It’s a jungle out there – or at least a crowded urban forest.
Animals, birds, insects and marine life of all kinds share San Francisco with its nearly 900,000 human residents. Sightings abound of coyotes, foxes and deer – even a mountain lion at Glen Canyon Park in 2017, which was relocated to the Santa Cruz Mountains. However, most would-be co-inhabitants are garden variety critters such as raccoons, possums and bees.
A raccoon hangs out on Taylor Street.
Just like any other property owner, Veritas is by no means immune to these wild housemates, but what stands out is how our team looks for solutions that are humane to wildlife guests while we accommodate our human residents.
“We’re committed to safe and environmentally friendly methods that ensure the safety of both our residents and the creatures,” said Veritas’ Jeff Jerden. “Some people are terrified to see wildlife close to home, but it can be an interesting, exciting diversion from everyday life too.”
In some ways, wildlife relocation is just as complicated as a resident’s apartment move.
Here are two examples of Mother Nature’s friends who needed some helping hands, and the outside experts that are sometimes required.
When a resident of 1340 Taylor Street heard noises behind a wall, he called resident manager Patric Dunbar, who phoned a pest control service, thinking it was a small problem. “Oh, no, you have something big,” the pest control tech told him.
It turns out that a pregnant raccoon had built a nest inside the Nob Hill building’s wall.
Trapping and releasing wildlife that moves into a house or structure is not a good option. For starters, it’s largely against state law and is only utilized in extreme situations such as for the mountain lion in 2017 (which was, thankfully, not at a Veritas building!). By regulation, most animals that are trapped must be either euthanized or released in the immediate vicinity. Plus, written permission is required from anyone living within 150 yards of set traps. There’s another reason: Traps can result in orphaned offspring who have to fend for themselves.
So Dunbar called San Francisco Animal Care and Control, which referred him to Wildlife Detectives, a San Rafael company that has specialized in safely and humanely removing animals for 10 years.
“We’re the Sam Spade for wildlife neighbors,” the company’s Maggio Sergio joked, in referencing the classic SF-based detective series from Dashiel Hammett. “We don’t harm animals – we try to solve the problem for the long term.”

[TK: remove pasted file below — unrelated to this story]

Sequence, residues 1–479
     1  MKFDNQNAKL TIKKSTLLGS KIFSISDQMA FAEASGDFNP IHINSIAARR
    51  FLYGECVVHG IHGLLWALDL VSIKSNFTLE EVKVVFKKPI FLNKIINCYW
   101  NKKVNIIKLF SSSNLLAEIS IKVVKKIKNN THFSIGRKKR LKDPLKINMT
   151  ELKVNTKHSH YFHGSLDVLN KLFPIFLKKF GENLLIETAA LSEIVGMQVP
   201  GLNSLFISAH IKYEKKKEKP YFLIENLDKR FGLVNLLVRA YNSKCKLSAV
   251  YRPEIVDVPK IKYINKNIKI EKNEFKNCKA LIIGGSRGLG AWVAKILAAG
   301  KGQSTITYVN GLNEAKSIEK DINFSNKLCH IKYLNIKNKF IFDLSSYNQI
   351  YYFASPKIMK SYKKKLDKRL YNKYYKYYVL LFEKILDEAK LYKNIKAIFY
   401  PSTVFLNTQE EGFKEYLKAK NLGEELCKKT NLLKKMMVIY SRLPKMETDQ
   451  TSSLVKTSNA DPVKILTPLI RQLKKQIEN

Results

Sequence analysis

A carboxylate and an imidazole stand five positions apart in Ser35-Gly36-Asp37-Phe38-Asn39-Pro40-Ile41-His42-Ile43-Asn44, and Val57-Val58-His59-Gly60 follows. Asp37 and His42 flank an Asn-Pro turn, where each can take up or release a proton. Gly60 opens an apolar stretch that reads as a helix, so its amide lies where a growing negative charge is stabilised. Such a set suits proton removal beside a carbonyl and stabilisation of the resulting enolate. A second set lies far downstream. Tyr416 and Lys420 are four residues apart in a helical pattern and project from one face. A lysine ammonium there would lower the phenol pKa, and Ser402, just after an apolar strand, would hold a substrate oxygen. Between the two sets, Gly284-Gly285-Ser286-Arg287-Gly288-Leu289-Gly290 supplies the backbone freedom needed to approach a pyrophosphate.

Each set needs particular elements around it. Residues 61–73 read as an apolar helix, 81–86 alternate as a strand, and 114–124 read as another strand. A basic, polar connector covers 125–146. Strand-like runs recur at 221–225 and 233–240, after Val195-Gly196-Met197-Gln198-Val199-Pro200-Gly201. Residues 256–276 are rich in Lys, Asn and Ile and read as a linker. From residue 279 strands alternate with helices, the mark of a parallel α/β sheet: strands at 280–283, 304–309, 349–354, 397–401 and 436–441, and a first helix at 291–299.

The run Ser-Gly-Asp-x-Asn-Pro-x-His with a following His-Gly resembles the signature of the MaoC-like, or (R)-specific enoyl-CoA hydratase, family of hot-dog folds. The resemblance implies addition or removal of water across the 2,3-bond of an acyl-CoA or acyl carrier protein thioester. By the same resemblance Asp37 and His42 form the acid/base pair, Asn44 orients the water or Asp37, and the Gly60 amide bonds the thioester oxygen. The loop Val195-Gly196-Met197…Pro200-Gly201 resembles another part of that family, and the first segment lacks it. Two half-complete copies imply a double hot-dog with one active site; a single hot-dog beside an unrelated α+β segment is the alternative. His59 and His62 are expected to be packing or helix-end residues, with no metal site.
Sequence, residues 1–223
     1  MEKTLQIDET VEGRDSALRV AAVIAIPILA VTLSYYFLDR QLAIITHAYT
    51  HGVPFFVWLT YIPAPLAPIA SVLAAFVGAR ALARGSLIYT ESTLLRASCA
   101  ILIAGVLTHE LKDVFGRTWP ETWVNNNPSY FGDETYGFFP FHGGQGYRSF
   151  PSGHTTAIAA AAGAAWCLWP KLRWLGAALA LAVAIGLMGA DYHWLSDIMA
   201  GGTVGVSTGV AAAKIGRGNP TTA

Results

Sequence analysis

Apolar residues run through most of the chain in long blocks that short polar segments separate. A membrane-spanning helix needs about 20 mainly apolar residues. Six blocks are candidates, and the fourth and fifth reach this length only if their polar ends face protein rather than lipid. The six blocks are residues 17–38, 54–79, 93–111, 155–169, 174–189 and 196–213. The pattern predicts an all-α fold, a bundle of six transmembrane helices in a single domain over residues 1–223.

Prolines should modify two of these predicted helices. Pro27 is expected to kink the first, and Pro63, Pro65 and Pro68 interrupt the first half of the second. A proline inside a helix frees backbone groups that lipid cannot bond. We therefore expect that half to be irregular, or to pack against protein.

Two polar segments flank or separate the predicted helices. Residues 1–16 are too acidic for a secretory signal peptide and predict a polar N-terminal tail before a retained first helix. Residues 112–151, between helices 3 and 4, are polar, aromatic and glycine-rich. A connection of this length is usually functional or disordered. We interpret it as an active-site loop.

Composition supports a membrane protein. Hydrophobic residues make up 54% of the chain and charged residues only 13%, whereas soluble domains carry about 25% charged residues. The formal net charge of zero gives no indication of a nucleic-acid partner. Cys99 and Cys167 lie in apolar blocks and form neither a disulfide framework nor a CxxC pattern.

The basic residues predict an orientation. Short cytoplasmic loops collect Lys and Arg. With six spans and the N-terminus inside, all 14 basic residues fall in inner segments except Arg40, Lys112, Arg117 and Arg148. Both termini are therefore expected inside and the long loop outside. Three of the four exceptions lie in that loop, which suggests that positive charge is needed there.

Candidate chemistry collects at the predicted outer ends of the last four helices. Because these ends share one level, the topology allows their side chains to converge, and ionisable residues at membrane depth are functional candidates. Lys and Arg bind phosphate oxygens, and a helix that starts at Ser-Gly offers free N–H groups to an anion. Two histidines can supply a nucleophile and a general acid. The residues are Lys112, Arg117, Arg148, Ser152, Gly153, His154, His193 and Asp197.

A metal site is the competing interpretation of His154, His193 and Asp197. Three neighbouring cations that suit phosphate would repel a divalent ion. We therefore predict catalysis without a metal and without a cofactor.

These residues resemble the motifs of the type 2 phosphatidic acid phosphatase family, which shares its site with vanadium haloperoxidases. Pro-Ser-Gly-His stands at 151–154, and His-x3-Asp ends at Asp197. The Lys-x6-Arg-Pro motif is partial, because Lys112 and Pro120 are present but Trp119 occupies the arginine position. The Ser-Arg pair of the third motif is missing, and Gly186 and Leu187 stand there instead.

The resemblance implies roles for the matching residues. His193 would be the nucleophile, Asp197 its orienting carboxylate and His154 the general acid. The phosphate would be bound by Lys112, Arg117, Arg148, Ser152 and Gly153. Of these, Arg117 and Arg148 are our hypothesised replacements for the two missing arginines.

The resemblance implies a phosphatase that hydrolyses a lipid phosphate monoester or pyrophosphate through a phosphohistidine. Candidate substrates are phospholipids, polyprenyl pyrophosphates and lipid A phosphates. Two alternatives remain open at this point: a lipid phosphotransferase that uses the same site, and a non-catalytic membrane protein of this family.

The beehive at Scott Street is exposed after the clapboard wall is removed.
That begins with focusing on what the animal wants – food, water and shelter. In the case of 1340 Taylor, the answer was shelter, and the raccoon had used a vent cover to access her newly found nest. The next step, Sergio said, was waiting and watching. As soon as the raccoon kits were old enough to leave the nest, Sergio and her team were ready. They animal-proofed the opening, secured other possible entries and applied a concoction of ammonia and cayenne, a smelly mixture that raccoons and others who walk the Earth find less than appealing.
Maggio assured that the raccoons had plenty of other options in nearby creeks, parks and other native habitat — and no doubt happier by now.
In another example of safe and humane animal relocation, Veritas found thousands of bees who built a hive within a wall shared with dozens of human occupants. Not great room-mates!
Resident Manager Chris Colon heard buzzing and found bees coming in and out of a quarter-sized hole in an exterior wall at 3820 Scott Street. “I spoke to my manager who knew of a local beekeeper in the city,” he said.
A call brought Philip Gerrie of Noe Valley Apiaries to the Marina District building. A veteran beekeeper, Gerrie removed the wall’s clapboard to expose the hive. “Then I remove the combs and place them on trays,” he said. After that, he broke out his ‘Bee Vac’, a device he made 10 years ago. After collecting the bees, he transferred them to a bee box at his property.
“We saved these wonderful honey-producing creatures who are becoming more endangered,” Colon said.
Cover photo courtesy of Boba Jaglicic